I don’t think John Humphrys is much of a chef. Recently, as his Today co-presenter Mishal Husain was discussing the implications of the BBC’s decision to axe its Food website (since commuted to transportation to the Good Food platform, run by its commercial arm), sharp-eared listeners heard the Humph claim that fewer recipes on the web could only be a good thing. “It would make it easier!” he bellowed in the background. “We wouldn’t have to choose between so many!”

Husain also seemed puzzled as to why anyone would need more than one recipe for spaghetti bolognese – but, as any keen cook knows, you can never have too many different takes on a dish. Just as you wouldn’t want to get all your news from a single source, it would be a sad thing to eat the same bolognese for the rest of your life. Sometimes only a molto autentico version, as laid down by a fierce Italian donna, rich with tradition and chopped liver, will do – and sometimes, though you would never admit it in a national magazine, you crave the comfort of your mum’s spag bol with grated cheddar.

The world wouldn’t starve without BBC Food’s collection but, given that an online search for “spaghetti bolognese recipe” turns up about a million results, it would have been sad to have lost one of the internet’s more trustworthy sources of information. As someone who spends a large part of each week researching and testing recipes, I can assure you that genuinely reliable ones are rarer than decent chips after closing time. But although it is certainly the only place you’ll find the Most Haunted host Yvette Fielding’s kedgeree alongside Heston Blumenthal’s snail porridge, the BBC website is not the only one that is worth your time.

The good thing about newspaper, magazine and other commercial platforms is that most still have just enough budget to ensure that their recipes will have been made at least twice – once by the writer and once for the accompanying photographs – though sadly the days when everyone employed an independent recipe tester are long gone. Such sites also often have sufficient traffic to generate a useful volume of comments. I never make a recipe without scrolling down to see what other people have said about it. Get past the “Can’t wait to make this!” brigade; ignore the annoying people who swap baked beans for lentils and then complain, “This is nothing like dhal”; and there’s usually some sensible advice in there, too.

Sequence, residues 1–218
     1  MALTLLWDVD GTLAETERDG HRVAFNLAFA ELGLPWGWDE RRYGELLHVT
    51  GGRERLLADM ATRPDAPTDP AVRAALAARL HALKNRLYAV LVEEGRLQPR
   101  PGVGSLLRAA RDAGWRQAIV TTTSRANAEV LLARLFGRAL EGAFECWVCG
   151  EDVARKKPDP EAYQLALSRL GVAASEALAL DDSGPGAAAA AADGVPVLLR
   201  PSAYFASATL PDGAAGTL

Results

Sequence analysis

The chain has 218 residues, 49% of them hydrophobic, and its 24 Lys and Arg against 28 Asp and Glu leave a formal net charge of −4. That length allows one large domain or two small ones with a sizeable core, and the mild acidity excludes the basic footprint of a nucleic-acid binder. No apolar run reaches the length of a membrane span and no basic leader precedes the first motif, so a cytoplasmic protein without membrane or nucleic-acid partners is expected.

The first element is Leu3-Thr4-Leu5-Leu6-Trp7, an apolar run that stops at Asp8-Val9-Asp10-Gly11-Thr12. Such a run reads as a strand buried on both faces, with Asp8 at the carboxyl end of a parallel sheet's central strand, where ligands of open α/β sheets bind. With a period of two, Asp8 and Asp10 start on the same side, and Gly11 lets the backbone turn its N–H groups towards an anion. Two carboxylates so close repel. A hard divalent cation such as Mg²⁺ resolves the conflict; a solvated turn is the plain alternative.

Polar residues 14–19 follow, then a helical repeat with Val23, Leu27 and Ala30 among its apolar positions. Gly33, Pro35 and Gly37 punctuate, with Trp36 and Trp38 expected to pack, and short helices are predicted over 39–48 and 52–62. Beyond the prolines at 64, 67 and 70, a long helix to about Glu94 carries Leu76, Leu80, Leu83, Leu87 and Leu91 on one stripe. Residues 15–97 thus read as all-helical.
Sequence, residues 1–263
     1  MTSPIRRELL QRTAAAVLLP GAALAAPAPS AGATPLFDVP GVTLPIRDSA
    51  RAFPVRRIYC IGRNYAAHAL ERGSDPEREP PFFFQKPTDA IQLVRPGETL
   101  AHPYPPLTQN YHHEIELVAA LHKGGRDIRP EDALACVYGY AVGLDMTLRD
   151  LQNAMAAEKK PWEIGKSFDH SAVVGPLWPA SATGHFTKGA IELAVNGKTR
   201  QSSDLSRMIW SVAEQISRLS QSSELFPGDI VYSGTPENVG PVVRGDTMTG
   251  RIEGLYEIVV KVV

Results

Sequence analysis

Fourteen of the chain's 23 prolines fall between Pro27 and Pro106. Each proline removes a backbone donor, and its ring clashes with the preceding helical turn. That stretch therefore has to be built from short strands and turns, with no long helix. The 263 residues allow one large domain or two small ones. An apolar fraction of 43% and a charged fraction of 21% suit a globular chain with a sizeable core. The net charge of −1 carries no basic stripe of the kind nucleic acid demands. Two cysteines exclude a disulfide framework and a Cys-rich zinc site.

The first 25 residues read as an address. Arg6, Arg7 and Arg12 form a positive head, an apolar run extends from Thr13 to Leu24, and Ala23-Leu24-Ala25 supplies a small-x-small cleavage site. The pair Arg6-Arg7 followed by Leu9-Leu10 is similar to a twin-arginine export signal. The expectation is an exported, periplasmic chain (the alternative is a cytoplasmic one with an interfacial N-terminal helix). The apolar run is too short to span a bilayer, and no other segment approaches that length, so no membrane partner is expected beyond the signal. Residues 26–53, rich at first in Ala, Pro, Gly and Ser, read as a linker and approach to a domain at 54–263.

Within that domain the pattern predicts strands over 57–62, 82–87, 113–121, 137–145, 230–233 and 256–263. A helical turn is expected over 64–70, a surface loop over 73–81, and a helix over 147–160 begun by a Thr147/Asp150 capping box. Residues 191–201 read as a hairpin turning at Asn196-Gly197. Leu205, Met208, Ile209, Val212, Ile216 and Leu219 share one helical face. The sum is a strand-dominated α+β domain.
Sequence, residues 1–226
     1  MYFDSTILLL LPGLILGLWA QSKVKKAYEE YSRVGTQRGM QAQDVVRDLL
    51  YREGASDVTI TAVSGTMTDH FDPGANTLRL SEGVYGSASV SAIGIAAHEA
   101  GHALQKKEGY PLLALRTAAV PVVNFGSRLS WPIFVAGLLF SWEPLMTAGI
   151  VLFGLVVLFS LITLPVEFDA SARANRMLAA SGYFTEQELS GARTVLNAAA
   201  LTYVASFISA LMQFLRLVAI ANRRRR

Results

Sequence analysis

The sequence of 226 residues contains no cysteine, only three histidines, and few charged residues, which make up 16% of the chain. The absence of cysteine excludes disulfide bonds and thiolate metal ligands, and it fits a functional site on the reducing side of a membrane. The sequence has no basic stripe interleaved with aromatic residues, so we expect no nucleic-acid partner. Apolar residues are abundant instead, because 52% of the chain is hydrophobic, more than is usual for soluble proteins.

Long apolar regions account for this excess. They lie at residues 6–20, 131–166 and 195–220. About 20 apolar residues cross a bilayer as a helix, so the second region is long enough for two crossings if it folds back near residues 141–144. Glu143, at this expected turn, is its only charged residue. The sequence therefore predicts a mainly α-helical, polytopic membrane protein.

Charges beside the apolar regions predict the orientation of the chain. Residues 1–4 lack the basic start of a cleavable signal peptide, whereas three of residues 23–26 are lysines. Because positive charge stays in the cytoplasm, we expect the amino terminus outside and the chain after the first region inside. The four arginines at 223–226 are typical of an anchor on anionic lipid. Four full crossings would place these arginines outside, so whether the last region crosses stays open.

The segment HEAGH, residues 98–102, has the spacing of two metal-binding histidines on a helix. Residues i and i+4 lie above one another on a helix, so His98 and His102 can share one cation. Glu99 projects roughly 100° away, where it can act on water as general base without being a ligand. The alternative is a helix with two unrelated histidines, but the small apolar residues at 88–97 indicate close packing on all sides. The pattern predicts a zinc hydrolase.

But what about when you leave the safety of the big boys and venture into the no man’s land of the personal blog? How do you separate the wheat from the chaff and find a recipe that actually works? You can often tell how much work a writer has put in by the level of detail they go into: if they have indicated how many people it serves, or where to find unusual ingredients, suggested possible tweaks and credited their original sources, they have probably made the dish more than once. The photography is another handy clue. You don’t have to be Annie Leibovitz to provide a good idea of what the finished dish ought to look like.

Do a bit of digging as part of your prep. If you like the look of the rest of the site, the author’s tastes will probably chime with your own. And always, always, wherever the recipe is from, read it all the way through, even before you order the shopping. There is nothing more annoying than getting halfway through and then realising that you need a hand blender to finish the dish, just as the first guest arrives.

Above all, trust your instincts. If the cooking time seems far too short, or the salt content ridiculously high, it probably is, so keep an eye on that oven, check that casserole, keep tasting that sauce. As someone who once published a magic mince pie recipe without any sugar, I’m living proof that, occasionally, even the very best of us make mistakes. 

Felicity Cloake is the New Statesman’s food columnist. Her latest book is The A-Z of Eating: a Flavour Map for Adventurous Cooks.

This article first appeared in the 26 May 2016 issue of the New Statesman, The Brexit odd squad